The United Nations Human Rights Council (UNHRC) allegedly worked to limit a watchdog group’s access to officials and press conferences on orders from its top official due to the group’s staunch criticism on a range of topics.
"[Eric] Tistounet has been giving orders to censor UN Watch since at least 2005," Emma Reilly, a former UNHRC officer and whistleblower, told Fox News Digital.
"He moves them down or off lists of speakers, tells presidents of the council to interrupt or cut short their speeches on the occasions where he does deign to let them speak, censors their written statements to insulate himself and his policies from criticism and openly insults Hillel [Neuer] to his entire staff."
UN Watch, the watchdog group and NGO, filed a legal complaint in New York Oct. 7 based on leaked internal emails from the UNHRC that indicate Tistounet, a French national who played a pivotal role in establishing the council, held a bias and worked to downplay and limit UN Watch.
The organization has proven a particularly harsh critic of the HRC, calling out the council for its dysfunctionalities, double standards toward Israel and China and "dominance by dictatorships," the group claimed. Neuer is the group’s executive director.
The U.N. Human Rights Office told Fox News Digital that "all speaking opportunities at the [HRC] are generated automatically, through a system which assigns speaking slots on a first-come-first-served basis, based on the priority requested by the NGO and its time of registration.
"With these same modalities, the organizations ‘UN Watch,’ together with ‘Ingénieurs du Monde,’ an NGO represented by the Executive Director of UN Watch, Mr. Hillel Neuer, were, for instance, able to deliver 26 statements during the 49th session, 17 statements during the 48th session and 17 statements during the 46th session of the Human Rights Council respectively."
Specificlly, the HRO asserted that during the 50th (most recent) session of the HRC, there were "no general debates and, as such, the number of opportunities for NGOs to address the council were reduced."
But Reilly disputed the HRO version of events, instead claiming that Tistounet’s disdain for UN Watch was no secret at the council.
"I'm not aware of a single rule of [non-governmental organization] engagement that Tistounet did apply to UN Watch," Reilly said. "And because, as always, he knew he could do this with absolute impunity, much of it is in writing. He even used to text me from the podium of the Human Rights Council when UN Watch were coming up.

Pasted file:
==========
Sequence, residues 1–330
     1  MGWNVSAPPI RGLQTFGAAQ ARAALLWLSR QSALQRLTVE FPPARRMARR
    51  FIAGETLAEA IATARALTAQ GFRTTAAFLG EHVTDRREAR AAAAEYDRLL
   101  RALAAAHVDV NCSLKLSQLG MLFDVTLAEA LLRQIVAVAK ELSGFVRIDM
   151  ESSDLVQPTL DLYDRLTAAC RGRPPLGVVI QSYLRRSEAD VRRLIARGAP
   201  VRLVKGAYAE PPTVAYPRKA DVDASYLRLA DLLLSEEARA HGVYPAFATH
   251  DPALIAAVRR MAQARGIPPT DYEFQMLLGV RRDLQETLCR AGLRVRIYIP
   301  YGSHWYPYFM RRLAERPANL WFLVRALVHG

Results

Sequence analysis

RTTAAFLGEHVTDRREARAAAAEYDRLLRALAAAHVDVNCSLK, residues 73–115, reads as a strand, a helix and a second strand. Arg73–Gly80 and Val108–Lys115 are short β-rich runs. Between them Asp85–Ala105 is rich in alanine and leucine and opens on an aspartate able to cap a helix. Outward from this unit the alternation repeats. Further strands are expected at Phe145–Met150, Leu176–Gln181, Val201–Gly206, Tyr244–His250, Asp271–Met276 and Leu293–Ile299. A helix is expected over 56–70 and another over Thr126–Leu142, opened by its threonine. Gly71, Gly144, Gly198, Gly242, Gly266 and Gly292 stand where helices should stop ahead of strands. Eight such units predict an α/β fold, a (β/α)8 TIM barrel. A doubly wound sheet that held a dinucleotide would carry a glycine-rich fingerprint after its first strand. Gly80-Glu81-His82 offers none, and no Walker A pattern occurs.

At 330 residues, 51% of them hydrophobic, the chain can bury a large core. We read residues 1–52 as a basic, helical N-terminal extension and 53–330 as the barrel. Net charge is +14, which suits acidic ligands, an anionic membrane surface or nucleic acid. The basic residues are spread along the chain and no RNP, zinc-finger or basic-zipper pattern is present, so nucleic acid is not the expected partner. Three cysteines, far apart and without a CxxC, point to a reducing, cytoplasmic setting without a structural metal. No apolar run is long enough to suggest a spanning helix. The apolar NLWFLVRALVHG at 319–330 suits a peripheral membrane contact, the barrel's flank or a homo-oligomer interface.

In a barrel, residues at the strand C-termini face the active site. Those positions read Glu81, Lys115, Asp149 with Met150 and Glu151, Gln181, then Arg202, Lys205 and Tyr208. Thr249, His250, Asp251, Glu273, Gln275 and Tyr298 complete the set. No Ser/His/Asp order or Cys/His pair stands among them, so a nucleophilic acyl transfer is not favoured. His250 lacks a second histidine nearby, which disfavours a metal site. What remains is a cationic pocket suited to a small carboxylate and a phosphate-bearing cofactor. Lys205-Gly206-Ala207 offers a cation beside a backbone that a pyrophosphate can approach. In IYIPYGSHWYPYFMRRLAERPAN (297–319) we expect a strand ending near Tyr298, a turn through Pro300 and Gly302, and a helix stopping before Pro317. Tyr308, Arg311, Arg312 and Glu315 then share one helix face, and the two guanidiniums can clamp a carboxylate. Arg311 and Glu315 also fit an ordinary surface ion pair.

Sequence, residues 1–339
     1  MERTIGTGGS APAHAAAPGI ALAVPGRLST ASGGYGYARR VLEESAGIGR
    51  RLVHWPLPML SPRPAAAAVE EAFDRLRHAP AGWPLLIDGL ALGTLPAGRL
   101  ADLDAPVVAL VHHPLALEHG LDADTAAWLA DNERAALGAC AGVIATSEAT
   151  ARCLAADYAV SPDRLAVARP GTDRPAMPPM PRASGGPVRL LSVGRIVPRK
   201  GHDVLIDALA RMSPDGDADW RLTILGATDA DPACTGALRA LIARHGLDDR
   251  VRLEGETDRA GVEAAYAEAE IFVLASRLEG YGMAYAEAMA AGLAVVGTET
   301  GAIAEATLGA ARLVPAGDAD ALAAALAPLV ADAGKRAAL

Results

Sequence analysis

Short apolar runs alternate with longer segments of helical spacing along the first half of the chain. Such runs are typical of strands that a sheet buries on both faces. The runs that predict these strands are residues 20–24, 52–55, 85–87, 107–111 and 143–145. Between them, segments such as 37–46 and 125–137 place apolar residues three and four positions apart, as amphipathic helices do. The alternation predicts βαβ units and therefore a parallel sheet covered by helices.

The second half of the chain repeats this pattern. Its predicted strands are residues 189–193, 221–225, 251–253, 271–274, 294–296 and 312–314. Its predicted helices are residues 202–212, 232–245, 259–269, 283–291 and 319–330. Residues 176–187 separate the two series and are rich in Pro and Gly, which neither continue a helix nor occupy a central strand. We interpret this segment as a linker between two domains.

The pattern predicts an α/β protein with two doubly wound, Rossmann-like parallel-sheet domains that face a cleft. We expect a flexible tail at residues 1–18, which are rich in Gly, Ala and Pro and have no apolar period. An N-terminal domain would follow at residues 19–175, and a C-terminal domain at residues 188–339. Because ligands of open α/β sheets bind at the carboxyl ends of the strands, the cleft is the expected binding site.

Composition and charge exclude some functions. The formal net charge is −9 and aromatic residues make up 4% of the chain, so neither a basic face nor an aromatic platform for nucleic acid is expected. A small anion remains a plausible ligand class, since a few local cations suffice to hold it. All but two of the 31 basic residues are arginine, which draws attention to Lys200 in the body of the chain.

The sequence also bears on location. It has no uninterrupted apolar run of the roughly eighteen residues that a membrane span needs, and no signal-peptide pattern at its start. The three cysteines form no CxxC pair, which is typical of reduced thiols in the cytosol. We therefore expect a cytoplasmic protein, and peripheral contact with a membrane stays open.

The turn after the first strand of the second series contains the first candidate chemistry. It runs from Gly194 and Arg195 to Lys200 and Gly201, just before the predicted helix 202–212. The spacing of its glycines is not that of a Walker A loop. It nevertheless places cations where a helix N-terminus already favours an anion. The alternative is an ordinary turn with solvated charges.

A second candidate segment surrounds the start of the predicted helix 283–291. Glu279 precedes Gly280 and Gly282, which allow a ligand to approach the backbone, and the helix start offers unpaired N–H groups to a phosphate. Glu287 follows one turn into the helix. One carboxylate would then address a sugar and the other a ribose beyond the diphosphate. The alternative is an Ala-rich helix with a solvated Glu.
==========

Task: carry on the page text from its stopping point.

"All of my predecessors and successors as NGO liaison simply followed his instructions," she added. "I was the only one to try to apply the rules objectively. For the 50th session, as the person who designed the computer algorithm, I can definitively state UN Watch was deleted from the list of speakers for the Commission of Inquiry on the Occupied Palestinian Territories."
The Trump administration withdrew from the UNHRC and accused the council of protecting human rights abusers, allowing them to serve on the council and showing bias in rendering decisions. The Biden administration made a point of returning to the council as soon as possible, winning a seat in 2021.
UN Watch, which is headquartered in Geneva, has specifically gone after the UNHRC for allegedly handing over the names of dissidents from China to the People’s Republic prior to speaking at the U.N.
Tistounet also allegedly told staffers to work from internet cafes so they could post anonymous negative material against Neuer, adding, "It would be nice if someone (obviously from outside the UN, and as was suggested recently from an internet café for instance) could place it discreetly next to his videos concerning the council."
UN Watch also filed its complaint with U.N. Secretary-General Antonio Guterres. His office did not respond to a Fox News Digital inquiry by time of publication.